The strength, duration and frequency of application of the superimposed direct current may vary widely, depending on the nature of the fuel cell and the fuel electrode, the cell electrolyte and the age of the cell. The current density of the superimposed current, with respect to the surface of the fuel electrode exposed to the electrolyte, may vary from 0.01 to milliamperes per square centimeter; generally, I prefer a current density of 1 to 50 milliamperes per square centimeter. The duration of the superimposed current may be from about 0.05 second to around 5 minutes, or until the desired improvement is shown by measurement of the open circuit cell voltage. The frequency of application also may vary widely, from once every day or so up to pulsations of around 60 times per second. For example, pulsations of current lasting 15 to 60 seconds, applied 1 to 60 times per hour may be utilized. In one modification, I superimpose an alternating current on the direct current so as to give peak currents in the direction of the direct current, at regular intervals.

The effect of my activation method is to decrease the open circuit potential of the fuel cell electrode as meas ured with reference to a standard calomel electrode. The open circuit or rest potential of the other electrode is substantially unaffected by the method. The result is that the open circuit potential of the cell, or the potential difference between the two electrodes, is markedly increased, usually 50 percent or more, thus improving the efiiciency of the cell.

My activation process may be employed without interrupting the operation of the fuel cell in its normal service. Any fluctuation or pulsation of the current delivered by the cell caused by operation of the activation procedure is immaterial in many uses for a fuel cell.

My invention is further illustrated by the following examples.

Example 1 An experimental fuel cell was operated, employing a 10 perecnt solution of phosphoric acid as electrolyte, having two electrode chambers separated by a Wool felt diaphragm, feeding oxygen to the oxidizer electrode chamber and octane to the fuel electrode chamber. The octane floated on the surface of the electrolyte. The fuel electrode was a paper electrode supported on a tantalum wire screen. The paper electrode was a paper-like sheet, made by depositing particles of platinum black on polyacrylonitrile fibers and matting the fibers together to form a paper. It contained 2 mg. of platinum per cm. The fuel electrode extended from the octane layer into the aqueous electrolyte. The oxidizer electrode was platinum gauze. The electrolyte was maintained at a temperature of about 100 degrees centigrade.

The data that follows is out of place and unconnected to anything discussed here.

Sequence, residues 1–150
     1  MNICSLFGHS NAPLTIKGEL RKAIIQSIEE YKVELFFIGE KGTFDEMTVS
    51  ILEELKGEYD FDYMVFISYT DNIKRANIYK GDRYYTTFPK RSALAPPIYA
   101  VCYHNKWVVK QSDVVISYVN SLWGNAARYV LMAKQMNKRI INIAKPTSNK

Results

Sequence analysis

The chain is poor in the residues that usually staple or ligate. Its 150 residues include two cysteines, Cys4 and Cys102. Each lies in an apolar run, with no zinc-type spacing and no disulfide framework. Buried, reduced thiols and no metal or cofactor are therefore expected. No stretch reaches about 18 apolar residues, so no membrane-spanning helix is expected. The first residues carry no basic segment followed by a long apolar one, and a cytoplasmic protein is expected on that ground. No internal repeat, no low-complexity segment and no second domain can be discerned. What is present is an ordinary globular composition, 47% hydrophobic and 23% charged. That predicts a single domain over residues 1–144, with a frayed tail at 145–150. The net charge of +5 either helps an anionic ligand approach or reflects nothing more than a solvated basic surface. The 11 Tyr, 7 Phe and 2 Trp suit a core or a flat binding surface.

The. open circuit voltage of the cell was found to be 0.38 volt; and the rest potential of the fuel electrode, with reference to a standard calomel cell, was 0.32 volt.

The operating cell was then subjected to two pulsations of superimposed direct current, connected in series with the cell and its external resistance, flowing in the same direction as the current delivered by the cell. Each pulsation was equivalent to a current density of milliamperes per square centimeter on the .fuel electrode surface ex posed to the electrolyte. Each pulsation lasted for 30 seconds, and the time from the beginning of the first pulsation to the beginning of the second onewas 10 minutes.

After the pulsations of direct current, the rest potential of the fuel electrode, with reference to the standard calomel cell, had decreased to 0.17 volt, and the open circuit voltage of the cell had increased to 0.53 volt.

Example 2 In a fuel cell like that of Example 1, except that the fuel electrode was made of a mixture of platinum black and Teflon polytetrafluoroethylene supported on pla tinum gauze, the rest potential of the oxygen electrode, with respect to a standard calomel cell, was 0.70 volt, that of the fuel electrode was 0.16 volt, and the open circuit voltage of the cell was 0.54 volt.

A direct current of 10 milliamperes per cm. on the fuel electrode, flowing in the same direction as the current delivered by the cell, was superimposed for 30 seconds. At this point, the rest potential of the fuel electrode was found to have decreased to 0.07 volt, that of the oxygen electrode remained at 0.70, and the open circuitof the cell had increased to 0.63 volt. The above-described superimposition of the direct current then was repeated 4 twice, resulting in a fuel cell rest potential of -0.01 volt, while the open circuit voltage of the cell increased to 0.81 volt.